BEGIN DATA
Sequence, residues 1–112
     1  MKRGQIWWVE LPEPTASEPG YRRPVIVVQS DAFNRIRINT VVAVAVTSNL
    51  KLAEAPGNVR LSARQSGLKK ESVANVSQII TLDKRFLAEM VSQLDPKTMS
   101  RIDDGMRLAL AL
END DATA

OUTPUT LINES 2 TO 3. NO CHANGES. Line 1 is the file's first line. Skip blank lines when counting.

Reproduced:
     1  MKRGQIWWVE LPEPTASEPG YRRPVIVVQS DAFNRIRINT VVAVAVTSNL
    51  KLAEAPGNVR LSARQSGLKK ESVANVSQII TLDKRFLAEM VSQLDPKTMS